Worth a look at this photoset on Anthony Hibbert’s site (wait and it will start the slideshow for you), it’s seems that something rather strange was happening in New York when he last visited.
Today’s qualifying for the Hungarian GP was marred by a horrific accident suffered by Felipe Massa. He was hit in the head by what appears to be a spring from another car, lost control of his car, and went straight off the circuit. He has some sort of skull fracture, and is in hospital. Reports are conflicting as to how serious the injury is, and it does seem that it may be slightly worse than first thought. It’s also worrying coming a week after the sad death of Henry Surtees, whose death occurred after he was hit by a wheel from another car during a F2 race at Brands Hatch. Such bad luck to have two serious accidents caused in a similar manner so close together, and does start to make one wonder if there is some way of preventing them. Thoughts are with Massa and his family tonight.
The session itself finished with Alonso on pole, and massed confusion when the timing failed. Drivers had to swap times when they got out of their cars, which resulted in Jensen Button asking Alonso what his time was on live tv, and exclaiming “Fucking Hell” when he realised how quick he’d been. Will be interesting to see if Alonso can hold on, but he has been fueled very light.
Psychoville on BBC2 is starting to pick up pace now. All the disparate strands are now intertwined, and the murder and terror is coming thick and fast. Dawn French’s terrible blood-transfusion revenge was a particular gruesome highlight.
Now we’re nearly at the end, it seems clear that they really have written a decent sequel to the League of Gentlemen. It’s got a similar feel, but perhaps with a tighter plot to it all. Both are elaborate mechanisms to wrap around a sketch show, but this is no bad thing when they are so gruesomely funny. I’m sure we will have some death, destruction and resolution in the final episode, but I get the feeling this won’t be the last we see of it. I hope not too.
Note that I haven’t seen the final episode yet. At the end of the sixth episode, we were promised that we didn’t have to wait, we could watch it NOW on the red button. Like an excited puppy I waited patiently for the Virgin Media box to load slowly, only to find nothing. No final episode. They hadn’t put it up. People were sad. Maybe a final cruel joke. Or most likely a fuck up. Gah.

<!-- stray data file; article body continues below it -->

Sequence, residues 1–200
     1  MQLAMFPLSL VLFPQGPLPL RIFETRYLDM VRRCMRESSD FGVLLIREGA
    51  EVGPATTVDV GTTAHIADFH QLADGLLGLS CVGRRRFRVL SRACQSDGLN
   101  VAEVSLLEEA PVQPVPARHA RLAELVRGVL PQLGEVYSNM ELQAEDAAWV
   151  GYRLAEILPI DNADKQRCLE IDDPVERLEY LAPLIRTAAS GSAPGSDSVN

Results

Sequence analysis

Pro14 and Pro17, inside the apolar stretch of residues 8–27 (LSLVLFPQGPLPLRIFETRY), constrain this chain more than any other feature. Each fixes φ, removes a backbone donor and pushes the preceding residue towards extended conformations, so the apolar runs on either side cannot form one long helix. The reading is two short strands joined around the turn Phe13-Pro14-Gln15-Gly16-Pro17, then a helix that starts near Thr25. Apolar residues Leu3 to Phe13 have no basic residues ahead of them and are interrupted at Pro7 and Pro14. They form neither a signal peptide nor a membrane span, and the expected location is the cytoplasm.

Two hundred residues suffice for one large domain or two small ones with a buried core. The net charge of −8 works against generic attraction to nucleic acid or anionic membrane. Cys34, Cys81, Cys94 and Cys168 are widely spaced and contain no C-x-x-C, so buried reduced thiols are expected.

I’ve just launched the companion site to flotsky.org, flotsky.com. It’s basically a place for proper bloggy type posts about things, rather than random stuff on my mind like here. Think of this as still my personal site, and flotsky.com as stuff that isn’t just personal. I think that’s a reasonable divide. Go have a look and see what you think. I found a nice theme for it for now too.
So tonight’s episode of Big Brother 10 had quite a lot going on. Kenneth the Evil Villain in tears over the thought of his girlfriend doing naughty things without him, despite one of his first sentences on greeting her in the house being “Wow, 58 days of loyalty, who would have thought it?” Siavash and Noirin finding themselves in a painful love tryst. Bea and Freddie Halfwit drawing closer together. Bea’s incredible 60 second dating video that would scare any possible suitor clean away.
However for me, the strangest moment was part of the Greek themed task where Charlie and Rodrigo peformed as Stavros Flatley, the tribute act to Riverdance who found fame on Britain’s Got Talent pfizer viagra acheter. It was just an odd moment, as being young men compared to the father, and being in better shape than either the son or father, and even with a minimal amount of ability or training, they were able to provide a more competent tribute to Riverdance than Stavros Flatley themselves. Of course it lacked the ermm, charm or hmmmm, soul of the original, but it was just methodically better. This was just odd, a reality tribute to a reality tribute, a half-thought out act of a half-thought out act with marginally more talent. Reality television turning in on itself.
Last night’s show had a slightly different feel to it, it seemed like Charlie Brooker was a little brasher, a little louder, a little more cunty. This was no bad thing at all. Mixed in with some quality comments from Frankie Boyle (“they’re supposed to be experts, what did they expect when they cut open a giraffe, a horse with a periscope?”) it made for a strong and enjoyable episode.